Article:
Outstanding exhibitions at the National Gallery of Canada this year
Gustave Doré (1832–1883): Master of Imagination —
a must-see this summer
The National Gallery of Canada (NGC) is offering visitors a rich exhibition program in 2014. Among the must-sees are major summer exhibitions: The Great War: The Persuasive Power of Photography, beginning on June 27 and coinciding with Canada History Week, which starts July 1; and the much-anticipated, North American exclusive exhibition Gustave Doré (1832–1883): Master of Imagination, organized in partnership with the Musée D’Orsay and opening on June 13. Next fall, the stars of the show will be the Canadian Biennial, which showcases the Gallery’s major acquisitions of new Canadian art; and Jack Bush: A Retrospective — the first full-scale retrospective of this unique Canadian artist —, organized by NGC director Marc Mayer and guest curator Dr. Sarah Stanners. Many other outstanding exhibitions will open throughout the year. For more information, visit gallery.ca.
“We’re always striving to offer exhibitions that impact visitors in many ways — emotionally, intellectually, and physically. Of course, the public can also learn a great deal from the enhanced labels and reading material that we provide, or by taking part in the education activities that we customize for every exhibition,” said NGC director Marc Mayer.
Gustave Doré (1832–1883): Master of Imagination
From June 13 to September 14, 2014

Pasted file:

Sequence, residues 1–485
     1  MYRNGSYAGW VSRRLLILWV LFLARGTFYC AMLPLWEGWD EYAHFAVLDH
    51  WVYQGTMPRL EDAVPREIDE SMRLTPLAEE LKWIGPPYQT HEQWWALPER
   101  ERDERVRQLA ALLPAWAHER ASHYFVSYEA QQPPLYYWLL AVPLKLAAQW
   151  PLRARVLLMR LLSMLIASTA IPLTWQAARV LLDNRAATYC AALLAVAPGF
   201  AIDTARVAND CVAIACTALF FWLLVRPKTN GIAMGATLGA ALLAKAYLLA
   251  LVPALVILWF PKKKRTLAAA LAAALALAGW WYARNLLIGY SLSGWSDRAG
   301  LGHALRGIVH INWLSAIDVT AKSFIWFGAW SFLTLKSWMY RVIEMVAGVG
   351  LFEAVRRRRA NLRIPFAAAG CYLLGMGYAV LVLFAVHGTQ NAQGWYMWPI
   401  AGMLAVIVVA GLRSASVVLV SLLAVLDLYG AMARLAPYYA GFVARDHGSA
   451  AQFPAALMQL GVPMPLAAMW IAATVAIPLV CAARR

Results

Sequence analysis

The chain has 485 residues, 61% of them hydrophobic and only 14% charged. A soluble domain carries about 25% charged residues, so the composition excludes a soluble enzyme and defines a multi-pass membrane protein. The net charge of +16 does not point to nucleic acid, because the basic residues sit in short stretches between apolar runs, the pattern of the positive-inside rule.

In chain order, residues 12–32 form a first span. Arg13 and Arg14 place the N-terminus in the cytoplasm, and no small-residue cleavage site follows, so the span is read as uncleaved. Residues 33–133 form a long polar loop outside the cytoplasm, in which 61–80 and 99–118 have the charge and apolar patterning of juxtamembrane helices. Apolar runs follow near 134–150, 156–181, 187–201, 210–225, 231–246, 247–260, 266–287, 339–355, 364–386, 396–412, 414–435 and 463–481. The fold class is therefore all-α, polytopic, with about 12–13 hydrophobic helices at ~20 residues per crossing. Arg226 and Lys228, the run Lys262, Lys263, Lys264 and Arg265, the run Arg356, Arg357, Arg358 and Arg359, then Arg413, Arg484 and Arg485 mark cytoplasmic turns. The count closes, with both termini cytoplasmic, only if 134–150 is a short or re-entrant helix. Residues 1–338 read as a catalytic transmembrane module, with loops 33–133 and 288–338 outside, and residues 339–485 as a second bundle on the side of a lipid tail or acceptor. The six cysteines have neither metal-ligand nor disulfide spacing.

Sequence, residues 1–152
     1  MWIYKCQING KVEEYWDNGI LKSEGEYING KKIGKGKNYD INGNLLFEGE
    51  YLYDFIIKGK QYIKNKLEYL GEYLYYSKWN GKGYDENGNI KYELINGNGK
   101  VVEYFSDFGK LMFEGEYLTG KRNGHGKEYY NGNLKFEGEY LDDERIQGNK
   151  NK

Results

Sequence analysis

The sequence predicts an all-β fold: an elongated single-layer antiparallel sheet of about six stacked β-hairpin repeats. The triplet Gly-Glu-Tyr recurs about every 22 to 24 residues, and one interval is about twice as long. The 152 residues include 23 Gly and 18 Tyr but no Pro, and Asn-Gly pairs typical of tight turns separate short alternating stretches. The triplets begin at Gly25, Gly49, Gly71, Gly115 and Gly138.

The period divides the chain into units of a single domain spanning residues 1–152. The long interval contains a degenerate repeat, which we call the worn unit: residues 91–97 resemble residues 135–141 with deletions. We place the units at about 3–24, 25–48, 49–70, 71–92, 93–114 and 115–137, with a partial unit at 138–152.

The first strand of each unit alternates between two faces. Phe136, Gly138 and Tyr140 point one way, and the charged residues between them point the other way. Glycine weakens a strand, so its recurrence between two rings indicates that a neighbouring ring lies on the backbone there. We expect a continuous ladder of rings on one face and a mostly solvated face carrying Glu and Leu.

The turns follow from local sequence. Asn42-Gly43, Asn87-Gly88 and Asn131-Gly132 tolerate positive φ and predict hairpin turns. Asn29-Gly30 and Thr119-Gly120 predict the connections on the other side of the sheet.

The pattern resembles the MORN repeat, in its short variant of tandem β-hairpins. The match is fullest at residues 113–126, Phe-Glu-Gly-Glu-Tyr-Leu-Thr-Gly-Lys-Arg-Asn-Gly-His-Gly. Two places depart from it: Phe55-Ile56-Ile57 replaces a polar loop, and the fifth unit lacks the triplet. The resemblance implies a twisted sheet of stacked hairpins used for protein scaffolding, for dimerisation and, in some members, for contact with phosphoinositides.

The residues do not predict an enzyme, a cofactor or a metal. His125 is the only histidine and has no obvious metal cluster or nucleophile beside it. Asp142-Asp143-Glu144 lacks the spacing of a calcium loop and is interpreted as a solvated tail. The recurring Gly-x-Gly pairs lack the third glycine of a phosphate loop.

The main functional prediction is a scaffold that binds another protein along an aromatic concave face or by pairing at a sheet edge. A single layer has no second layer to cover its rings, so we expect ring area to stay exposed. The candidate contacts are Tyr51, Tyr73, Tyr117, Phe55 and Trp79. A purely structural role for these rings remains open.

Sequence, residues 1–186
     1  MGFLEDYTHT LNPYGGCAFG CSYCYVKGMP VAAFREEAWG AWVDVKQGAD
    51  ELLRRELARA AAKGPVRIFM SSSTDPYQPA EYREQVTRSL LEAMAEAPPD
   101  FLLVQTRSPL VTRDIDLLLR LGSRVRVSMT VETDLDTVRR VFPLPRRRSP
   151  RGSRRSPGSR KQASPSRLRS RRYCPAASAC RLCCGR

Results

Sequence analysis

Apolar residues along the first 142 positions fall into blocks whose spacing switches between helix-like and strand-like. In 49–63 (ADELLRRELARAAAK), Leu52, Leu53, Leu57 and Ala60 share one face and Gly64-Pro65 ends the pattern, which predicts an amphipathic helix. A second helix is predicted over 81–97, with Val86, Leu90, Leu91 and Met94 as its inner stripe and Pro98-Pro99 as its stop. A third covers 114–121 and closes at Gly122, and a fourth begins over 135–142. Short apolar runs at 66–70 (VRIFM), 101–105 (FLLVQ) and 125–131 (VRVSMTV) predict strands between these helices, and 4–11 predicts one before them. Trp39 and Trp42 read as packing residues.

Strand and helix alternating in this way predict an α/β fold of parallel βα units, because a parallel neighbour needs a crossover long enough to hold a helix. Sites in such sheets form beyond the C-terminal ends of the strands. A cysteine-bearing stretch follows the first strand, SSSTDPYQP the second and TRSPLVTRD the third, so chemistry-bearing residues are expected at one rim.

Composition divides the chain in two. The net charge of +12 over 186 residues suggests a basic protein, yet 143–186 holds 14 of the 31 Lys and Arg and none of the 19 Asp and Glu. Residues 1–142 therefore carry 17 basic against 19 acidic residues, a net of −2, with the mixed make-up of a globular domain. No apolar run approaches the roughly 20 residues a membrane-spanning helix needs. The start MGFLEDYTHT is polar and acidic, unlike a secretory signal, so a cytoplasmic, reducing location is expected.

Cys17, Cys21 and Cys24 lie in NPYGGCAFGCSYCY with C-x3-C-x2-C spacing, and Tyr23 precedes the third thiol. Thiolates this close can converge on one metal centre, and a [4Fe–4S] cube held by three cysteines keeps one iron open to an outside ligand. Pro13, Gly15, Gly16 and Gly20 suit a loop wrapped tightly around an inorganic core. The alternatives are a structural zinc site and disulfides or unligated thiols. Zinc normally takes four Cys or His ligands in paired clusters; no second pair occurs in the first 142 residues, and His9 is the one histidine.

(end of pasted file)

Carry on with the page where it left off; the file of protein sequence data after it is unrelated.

Organized in collaboration with the Musée d’Orsay in Paris, Gustave Doré (1832–1883): Master of Imagination is the first comprehensive retrospective devoted to this major artist. It will include prints, drawings, paintings, and sculptures. A hundred works, ranging from spectacular panoramas to intimate studies on paper, will be brought together to illustrate Doré’s great artistic diversity. NGC chief curator Paul Lang worked with Edouard Papet, chief curator at the Musée d'Orsay, and Philippe Kaenel, professor of art history at the University of Lausanne and an expert on Doré.
Today, Gustave Doré is probably better known as an illustrator; his notable works include Perrault’s fairy tales, La Fontaine’s Fables, Dante’s epic poems, and his incredibly successful edition of the Bible. He worked mostly at the more intimate scale of the book, but he also created paintings and sculptures of monumental proportions.
Doré also revived history painting in order to bear witness to the disasters of the Franco-Prussian War from 1870-71 and the consequent loss of his native Alsace. An incisive caricaturist, Doré contributed to the birth of the comic strip and the graphic novel. Visitors will be surprised by how familiar they are with Doré’s works. His influence on film and photography is a testament to this. For example, the Victorian London in Oliver Twist by Roman Polanski pays tribute to his illustrated book London, A Pilgrimage.
The Great War: The Persuasive Power of Photography
27 June – 16 November 2014
Although earlier wars had been documented through photography, the First World War represented a significant turning point for the medium. The official photographs reflect the planning, censorship and continuous need to generate public support for the cause. Meanwhile, the Allied Forces and Central Powers chose to use photography as a tool with which to develop strategy, spy, provoke and persuade. In sharp contrast to the political and militaristic use of the medium was the undeniable importance of its personal use, seen in the popularity of studio portraits of soldiers and their family members, as well as personal albums composed prior to, during and after the war to create permanent records of lives that were at risk. This exhibition brings together a diverse and remarkable selection of photographs drawn from national and international collections in an effort to illustrate the many important roles that photography played during the war. Ann Thomas, NGC Curator, Photographs, is the curator of this great exhibition organized by the National Gallery of Canada.